“My friends at university don’t.”
“You’ve spent too much time away. You called outsiders mongrels when you lived at home. You’re back with us now, back with your Kin, and headed to our new home.”
“But…” Fynn gulped. “My PhD classes start in two weeks.”
“That doesn’t matter anymore.”
“I promised Dad. He picked my thesis topic.”
“You always were daddy’s good little boy. Well, Dad’s waiting for us.” Maliah kicked against a pod and towed Fynn upward, toward the Herschel’s bow, rising past level after level of pods.
He swallowed hard, his mind scrambling for words. “But, the research consortium. They expect a crew of scientists to board next week. What about the mission’s corporate sponsors? Subscribers worldwide?”
“Not to mention the latest crypto-currency bubble,” Maliah said. “Won’t they be surprised?”
Fynn grabbed a pod and jerked her to a stop. “I’ve seen media coverage of this mission. I’ve seen the inside of this ship, and this isn’t it.” He waved into the shadows in confusion.
Maliah beamed. “That’s been my job. Creating fake feeds to convince everyone it’s a science mission while we really packed the Hershel for a colony.”
She kicked off hard, pulling him loose. “Our suppliers were all kept in the dark. We only allowed specially approved workers onboard, and they’re all Kin. Then, to bring up the rest of us, Doctor Tanaka had to overrule the mission’s Board of Directors. It was quite a battle arranging tours.” She giggled. “So I’m told. But even a mongrel can’t be fooled forever. We’ve got to hurry and break orbit.”
Light-headed and queasy-stomached again, Fynn allowed her to tow him along. He wasn’t convinced, even as they cruised past the steel pods reflecting glints of LEDs. What about school? What about his father’s instructions? It was too much to believe on his sister’s word.
“Look, there’s Dad.” She slapped a pod to hurry into several crossing beams of light.
The tightness in Fynn’s chest became painful. Why hadn’t Dad told him any of this?
Their father waved a thin arm, his khaki sleeve flapping. Other figures in white coveralls floated below him next to rings of pods slotted open from end to end under narrow spotlights. They were medics from the Kin’s own clinic, and one of them snagged Maliah.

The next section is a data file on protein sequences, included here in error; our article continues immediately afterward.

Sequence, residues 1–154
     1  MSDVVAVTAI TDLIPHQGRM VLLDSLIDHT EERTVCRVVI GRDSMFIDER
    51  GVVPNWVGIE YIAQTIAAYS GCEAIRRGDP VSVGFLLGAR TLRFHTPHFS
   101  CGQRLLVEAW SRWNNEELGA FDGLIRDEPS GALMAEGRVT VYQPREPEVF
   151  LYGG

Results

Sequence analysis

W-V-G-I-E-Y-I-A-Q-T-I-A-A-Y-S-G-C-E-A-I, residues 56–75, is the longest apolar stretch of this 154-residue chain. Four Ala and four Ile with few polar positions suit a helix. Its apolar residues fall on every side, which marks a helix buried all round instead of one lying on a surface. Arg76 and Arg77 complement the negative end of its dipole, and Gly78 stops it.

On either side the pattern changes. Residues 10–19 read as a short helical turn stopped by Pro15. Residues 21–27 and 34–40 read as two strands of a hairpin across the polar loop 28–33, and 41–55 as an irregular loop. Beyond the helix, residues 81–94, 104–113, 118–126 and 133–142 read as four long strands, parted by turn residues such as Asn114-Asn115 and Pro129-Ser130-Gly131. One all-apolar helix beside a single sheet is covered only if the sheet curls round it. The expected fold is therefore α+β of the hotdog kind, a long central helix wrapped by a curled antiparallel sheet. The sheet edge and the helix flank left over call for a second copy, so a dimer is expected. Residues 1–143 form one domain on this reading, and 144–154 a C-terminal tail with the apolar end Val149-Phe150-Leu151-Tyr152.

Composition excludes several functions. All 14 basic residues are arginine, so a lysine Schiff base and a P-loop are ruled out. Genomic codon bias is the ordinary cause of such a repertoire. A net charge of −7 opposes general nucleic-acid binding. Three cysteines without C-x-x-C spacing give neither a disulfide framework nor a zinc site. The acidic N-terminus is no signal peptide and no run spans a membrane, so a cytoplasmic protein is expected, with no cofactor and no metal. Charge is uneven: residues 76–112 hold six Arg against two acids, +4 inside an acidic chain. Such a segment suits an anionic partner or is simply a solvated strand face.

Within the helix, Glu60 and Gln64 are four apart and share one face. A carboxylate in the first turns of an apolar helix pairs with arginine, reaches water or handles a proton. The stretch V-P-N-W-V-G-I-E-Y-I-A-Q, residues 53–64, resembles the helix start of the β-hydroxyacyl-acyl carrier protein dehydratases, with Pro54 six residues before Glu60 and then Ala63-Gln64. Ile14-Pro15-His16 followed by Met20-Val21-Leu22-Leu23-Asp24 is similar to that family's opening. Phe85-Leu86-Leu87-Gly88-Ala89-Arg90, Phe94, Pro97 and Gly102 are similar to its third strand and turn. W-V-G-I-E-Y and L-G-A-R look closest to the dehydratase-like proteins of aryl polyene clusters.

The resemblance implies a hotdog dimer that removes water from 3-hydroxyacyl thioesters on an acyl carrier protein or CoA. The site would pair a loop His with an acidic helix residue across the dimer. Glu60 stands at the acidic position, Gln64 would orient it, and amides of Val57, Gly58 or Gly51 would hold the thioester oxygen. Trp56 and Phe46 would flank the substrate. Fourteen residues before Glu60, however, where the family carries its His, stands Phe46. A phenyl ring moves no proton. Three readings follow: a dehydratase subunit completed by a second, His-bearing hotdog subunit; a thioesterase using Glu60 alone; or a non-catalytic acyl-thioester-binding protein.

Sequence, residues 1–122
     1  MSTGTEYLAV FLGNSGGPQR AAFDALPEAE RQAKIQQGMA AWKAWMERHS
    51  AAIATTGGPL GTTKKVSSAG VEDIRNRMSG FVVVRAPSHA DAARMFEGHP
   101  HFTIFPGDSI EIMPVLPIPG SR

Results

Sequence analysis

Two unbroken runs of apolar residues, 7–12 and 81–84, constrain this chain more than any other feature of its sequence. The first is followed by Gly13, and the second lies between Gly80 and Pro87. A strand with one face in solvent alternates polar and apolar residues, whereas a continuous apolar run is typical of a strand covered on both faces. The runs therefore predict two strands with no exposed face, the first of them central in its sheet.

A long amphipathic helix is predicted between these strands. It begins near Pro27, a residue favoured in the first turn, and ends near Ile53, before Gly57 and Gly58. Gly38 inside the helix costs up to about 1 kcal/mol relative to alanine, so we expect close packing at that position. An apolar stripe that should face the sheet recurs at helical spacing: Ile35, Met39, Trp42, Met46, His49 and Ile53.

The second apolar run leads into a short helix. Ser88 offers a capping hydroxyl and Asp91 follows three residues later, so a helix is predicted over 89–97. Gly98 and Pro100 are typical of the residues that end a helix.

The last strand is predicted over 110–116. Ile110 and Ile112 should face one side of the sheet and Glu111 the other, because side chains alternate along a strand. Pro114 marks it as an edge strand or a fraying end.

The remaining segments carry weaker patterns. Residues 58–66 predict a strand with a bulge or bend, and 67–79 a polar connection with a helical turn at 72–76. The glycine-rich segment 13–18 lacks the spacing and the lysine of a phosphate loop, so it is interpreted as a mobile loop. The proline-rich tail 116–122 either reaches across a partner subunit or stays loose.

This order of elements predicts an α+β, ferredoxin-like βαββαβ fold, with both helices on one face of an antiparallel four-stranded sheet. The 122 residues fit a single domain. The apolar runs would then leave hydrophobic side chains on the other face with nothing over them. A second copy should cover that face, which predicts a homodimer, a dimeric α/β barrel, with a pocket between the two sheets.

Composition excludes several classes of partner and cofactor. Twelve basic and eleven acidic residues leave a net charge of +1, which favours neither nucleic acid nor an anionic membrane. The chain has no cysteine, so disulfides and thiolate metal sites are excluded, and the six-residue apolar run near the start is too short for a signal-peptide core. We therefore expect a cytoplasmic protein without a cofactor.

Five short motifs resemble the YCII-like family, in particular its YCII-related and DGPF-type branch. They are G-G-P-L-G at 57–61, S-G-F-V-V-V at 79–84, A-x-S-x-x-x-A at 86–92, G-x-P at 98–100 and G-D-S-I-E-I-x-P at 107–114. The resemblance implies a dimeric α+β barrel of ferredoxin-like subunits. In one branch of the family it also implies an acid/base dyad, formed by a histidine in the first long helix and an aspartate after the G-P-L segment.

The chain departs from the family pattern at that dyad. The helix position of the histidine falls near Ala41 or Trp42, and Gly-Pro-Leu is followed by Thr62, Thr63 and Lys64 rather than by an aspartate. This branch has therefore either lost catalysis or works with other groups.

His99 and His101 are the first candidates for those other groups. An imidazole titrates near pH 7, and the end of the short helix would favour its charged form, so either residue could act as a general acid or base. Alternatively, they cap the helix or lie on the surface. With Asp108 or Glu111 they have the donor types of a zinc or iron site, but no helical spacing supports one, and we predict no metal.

“Maliah Rupar? Fynn Rupar? If you’d take your shirts off, please.” She was only a few years older than Fynn, had been in the Kin’s school barracks with them, and certainly knew who they were, so he ignored her question. After a lifetime of training, however, he followed instructions automatically and pulled his sweatshirt over his head. His brand-new, cardinal red sweatshirt with engineering stenciled down one arm.
When he pulled himself around to face his father, he was looking in a mirror. They’d both inherited sharp black eyes and dark skin from the Indus Valley. A smile spread over his father’s broad face, however, while Fynn bit his lip. “Maliah says we’re going to Titan.”
Dad gripped the closest pod and clapped him on the shoulder. “That’s right. We’ll have a world all our own to conquer. It’s the greatest challenge in human history.”
The medic frowned. “Chief Engineer Rupar, I must insist we proceed.”
Fynn hugged himself with one arm, secured by the medic’s grip on his other side. “What about our plans? You want me to get a doctorate, and I’ve worked hard.” Angry words flashed through his mind, tangling his tongue. But he adored his father and, since childhood, wanted to please him. “Why didn’t you tell me? Ow!”
The medic had pressed an injector against his arm.
His father’s smile flattened. “I’m sorry for the deception. You have a right to be angry. But we had no choice. Our secret was hard enough to keep, and you were leaving for university. Now, what you learned there qualifies you to be on my team, to get this colony up and running.”
Fynn’s throat closed around his protests. To work with his father, who’d spent so much time away from home, was something he’d always wanted.
“I’ll be on the surface when you wake up. We can talk then. Right now, I must apologize to your mother.”
Passengers from the space plane approached, floating or clutching handholds, some with faces full of confusion, others glistening as tears crawled across their cheeks in zero-g. Graceful and athletic, their mother was at the front of the crowd. Maliah got there first to greet her.
There was a lot of Mom in Maliah. His sister’s face had more color and her hair was golden rather than pale blond, but she resembled their mother while Fynn did not. A few dark Indian faces stared out from the crowd behind them, and even fewer with the Asian heritage Kin termed Samurai. Most showed the pale coloring of his mother’s Viking ancestors.
Mom waved to him from inside Maliah’s arms. Her face was ashen. She hadn’t known. He wasn’t the only one who didn’t share his father’s secret.
The medic slid a half-mask over Fynn’s head and he jerked his attention back to her. “If you don’t want to drown in stasis fluid,” she said, “this mask must fit tightly.”
“Stasis?” Fynn understood the open pod for the first time. The inside was smooth with a half-dozen slender tubes floating along the walls. It would be a tight fit. “I can’t get in that thing. Is stasis even approved for human use?”
“There’s no way to accommodate over four hundred people on an eighteen-month flight without it. Now, don’t worry. Stasis development is well advanced, and we won’t seal you inside until you’re asleep.”
The medic continued talking about aerosols in the breathing air and modified metabolism rates. Fynn knew he should be terrified, but his pounding heart slowed as a sense of contentment spread through his chest and warmed his face. He wanted to ask what was in the injection, but his tongue refused to respond, and he drifted into a dreamless sleep.